Donald Trump’s campaign may be having a hard time finding prominent members of the Republican party to speak at the upcoming GOP convention, according to Politico.
The political site “contacted more than 50 prominent governors, senators and House members to gauge their interest in speaking” without finding much luck.
Many of those contacted had similar reactions: “I am not attending,” said South Carolina Rep. Trey Gowdy. (He’ll be at the beach instead.) New York Rep. Elise Stefanik and Florida Rep. Carlos Curbelo are also skipping the con, while Wisconsin congressman Sean Duffy hasn’t even thought about it.
It’s unlikely that former candidates Ted Cruz, Marco Rubio or John Kasich will step up to help Trump anytime soon. We can assume Ben Carson, New Jersey Gov. Chris Christie and former House Speaker Newt Gingrich will speak if Trump wants them to, but he needs to start lining up additional speakers who will rally Republican voters.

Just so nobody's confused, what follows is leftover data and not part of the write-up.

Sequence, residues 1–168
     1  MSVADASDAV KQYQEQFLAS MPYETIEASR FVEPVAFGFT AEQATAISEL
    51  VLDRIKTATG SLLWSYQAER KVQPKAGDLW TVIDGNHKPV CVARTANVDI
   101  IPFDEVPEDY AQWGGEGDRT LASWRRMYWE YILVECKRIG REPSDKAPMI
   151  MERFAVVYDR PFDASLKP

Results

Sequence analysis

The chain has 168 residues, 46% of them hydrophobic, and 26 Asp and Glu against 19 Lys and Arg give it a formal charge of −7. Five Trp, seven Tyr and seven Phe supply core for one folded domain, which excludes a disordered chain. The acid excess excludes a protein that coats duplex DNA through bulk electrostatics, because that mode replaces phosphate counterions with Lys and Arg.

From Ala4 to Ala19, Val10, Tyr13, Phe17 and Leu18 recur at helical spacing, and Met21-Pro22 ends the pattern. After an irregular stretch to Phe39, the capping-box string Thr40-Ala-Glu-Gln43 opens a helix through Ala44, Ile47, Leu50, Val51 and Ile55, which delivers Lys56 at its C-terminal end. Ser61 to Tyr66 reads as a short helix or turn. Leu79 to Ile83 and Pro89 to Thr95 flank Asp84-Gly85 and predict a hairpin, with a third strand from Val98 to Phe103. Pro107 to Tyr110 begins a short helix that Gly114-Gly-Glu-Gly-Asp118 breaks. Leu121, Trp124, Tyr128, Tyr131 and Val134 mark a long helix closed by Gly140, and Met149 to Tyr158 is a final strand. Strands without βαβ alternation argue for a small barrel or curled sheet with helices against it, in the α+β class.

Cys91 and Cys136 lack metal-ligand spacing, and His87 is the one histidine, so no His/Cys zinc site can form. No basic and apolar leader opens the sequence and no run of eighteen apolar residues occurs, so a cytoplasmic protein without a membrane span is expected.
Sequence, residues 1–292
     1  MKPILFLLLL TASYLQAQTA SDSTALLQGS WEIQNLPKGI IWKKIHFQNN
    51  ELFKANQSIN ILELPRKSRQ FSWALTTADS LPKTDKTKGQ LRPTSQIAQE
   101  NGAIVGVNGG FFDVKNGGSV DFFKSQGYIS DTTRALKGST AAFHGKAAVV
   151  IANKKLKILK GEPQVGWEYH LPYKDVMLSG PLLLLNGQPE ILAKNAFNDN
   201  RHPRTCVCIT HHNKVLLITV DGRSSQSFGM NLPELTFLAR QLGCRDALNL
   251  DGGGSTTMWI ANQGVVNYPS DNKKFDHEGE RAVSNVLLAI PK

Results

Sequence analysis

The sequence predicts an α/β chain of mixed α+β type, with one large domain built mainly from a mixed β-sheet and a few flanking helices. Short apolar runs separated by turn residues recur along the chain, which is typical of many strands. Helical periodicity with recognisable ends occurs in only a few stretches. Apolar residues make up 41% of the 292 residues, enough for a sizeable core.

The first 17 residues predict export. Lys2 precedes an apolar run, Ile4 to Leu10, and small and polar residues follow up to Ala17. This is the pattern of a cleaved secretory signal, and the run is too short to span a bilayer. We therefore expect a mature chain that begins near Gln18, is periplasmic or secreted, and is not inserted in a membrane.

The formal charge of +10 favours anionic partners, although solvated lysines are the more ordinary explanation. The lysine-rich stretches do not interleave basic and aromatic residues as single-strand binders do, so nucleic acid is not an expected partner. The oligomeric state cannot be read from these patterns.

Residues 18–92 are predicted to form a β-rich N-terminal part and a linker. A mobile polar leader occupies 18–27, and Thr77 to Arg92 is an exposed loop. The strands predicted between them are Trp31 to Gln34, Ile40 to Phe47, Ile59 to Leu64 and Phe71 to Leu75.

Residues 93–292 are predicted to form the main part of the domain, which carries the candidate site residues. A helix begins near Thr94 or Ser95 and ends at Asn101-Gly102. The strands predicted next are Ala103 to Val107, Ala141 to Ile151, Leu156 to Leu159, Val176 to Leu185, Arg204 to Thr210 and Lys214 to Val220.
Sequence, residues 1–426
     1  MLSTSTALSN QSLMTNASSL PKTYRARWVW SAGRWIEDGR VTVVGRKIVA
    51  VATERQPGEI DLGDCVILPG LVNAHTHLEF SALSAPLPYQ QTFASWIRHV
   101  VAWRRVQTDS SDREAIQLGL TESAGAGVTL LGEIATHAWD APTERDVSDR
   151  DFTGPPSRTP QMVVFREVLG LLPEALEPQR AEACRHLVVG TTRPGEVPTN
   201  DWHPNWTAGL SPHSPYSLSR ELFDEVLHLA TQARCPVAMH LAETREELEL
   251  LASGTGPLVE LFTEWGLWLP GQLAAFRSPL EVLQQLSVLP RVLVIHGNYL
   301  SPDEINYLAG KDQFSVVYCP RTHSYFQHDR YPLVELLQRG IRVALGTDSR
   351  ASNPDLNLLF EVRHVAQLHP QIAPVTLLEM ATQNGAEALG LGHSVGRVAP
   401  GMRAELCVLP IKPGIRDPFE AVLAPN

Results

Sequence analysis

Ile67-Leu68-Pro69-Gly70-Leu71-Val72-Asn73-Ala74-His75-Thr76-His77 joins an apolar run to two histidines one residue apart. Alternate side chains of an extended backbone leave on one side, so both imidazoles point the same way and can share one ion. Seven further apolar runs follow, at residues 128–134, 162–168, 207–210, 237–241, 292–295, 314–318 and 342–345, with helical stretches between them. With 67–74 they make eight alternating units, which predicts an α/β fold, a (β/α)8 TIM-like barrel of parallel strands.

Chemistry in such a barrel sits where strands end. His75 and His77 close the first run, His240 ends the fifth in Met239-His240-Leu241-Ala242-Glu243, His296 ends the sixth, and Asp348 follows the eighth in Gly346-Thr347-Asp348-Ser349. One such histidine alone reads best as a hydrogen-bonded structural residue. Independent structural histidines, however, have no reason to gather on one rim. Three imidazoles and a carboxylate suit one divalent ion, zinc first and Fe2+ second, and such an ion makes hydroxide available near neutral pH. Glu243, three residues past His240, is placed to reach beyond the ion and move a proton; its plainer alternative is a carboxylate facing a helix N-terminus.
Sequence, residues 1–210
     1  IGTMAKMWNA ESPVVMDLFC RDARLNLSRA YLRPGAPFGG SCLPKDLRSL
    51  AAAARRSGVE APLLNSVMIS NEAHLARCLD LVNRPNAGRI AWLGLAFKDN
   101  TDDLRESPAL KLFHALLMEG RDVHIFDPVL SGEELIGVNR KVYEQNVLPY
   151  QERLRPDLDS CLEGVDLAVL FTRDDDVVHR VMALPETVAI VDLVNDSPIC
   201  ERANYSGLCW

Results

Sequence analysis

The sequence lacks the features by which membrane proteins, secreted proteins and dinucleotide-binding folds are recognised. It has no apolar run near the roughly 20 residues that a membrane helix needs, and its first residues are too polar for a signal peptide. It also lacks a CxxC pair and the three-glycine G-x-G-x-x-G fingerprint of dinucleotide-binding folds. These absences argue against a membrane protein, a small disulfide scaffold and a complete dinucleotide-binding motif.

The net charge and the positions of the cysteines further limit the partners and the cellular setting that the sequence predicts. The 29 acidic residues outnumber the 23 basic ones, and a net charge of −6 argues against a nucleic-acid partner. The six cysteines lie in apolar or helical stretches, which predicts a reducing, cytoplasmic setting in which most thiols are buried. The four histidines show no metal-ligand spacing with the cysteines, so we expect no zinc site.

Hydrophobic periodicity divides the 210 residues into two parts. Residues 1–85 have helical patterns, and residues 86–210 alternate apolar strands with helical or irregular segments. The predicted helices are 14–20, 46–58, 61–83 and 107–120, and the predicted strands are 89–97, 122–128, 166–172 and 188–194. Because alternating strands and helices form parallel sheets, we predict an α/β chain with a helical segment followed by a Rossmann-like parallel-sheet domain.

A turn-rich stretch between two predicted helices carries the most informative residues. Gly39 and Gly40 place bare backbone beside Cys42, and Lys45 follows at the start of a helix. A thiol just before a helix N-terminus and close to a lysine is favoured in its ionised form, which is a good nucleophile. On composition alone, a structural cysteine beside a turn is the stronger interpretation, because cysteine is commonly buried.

This is hardly insignificant. Barack Obama’s appearance at the 2004 Democratic National Convention is widely credited with introducing him to the nation, putting the Illinois senator on his path to the presidency. The refusal of prominent Republican leaders to take advantage of the platform this year speaks to the divisiveness of the party’s presumptive nominee.
Also absent from the convention will be New Hampshire Sen. Kelly Ayotte, Illinois Gov. Bruce Rauner and South Carolina Sen. Lindsey Graham. It’s long been known that the Bush family will skip it, leaving the GOP without a sitting president to speak.
South Carolina Gov. Nikki Haley, Oklahoma Rep. Steve Russell and Senate majority whip John Cornyn don’t have plans to speak. House Speaker Paul Ryan will presumably deliver an address, but he has so far seldom seen eye to eye with Trump.
North Carolina Rep. Richard Hudson and Utah Rep. Mia Love are also skipping the convention. Mississippi Sen. Roger Wicker and Oregon Rep. Greg Walden have not committed to speaking.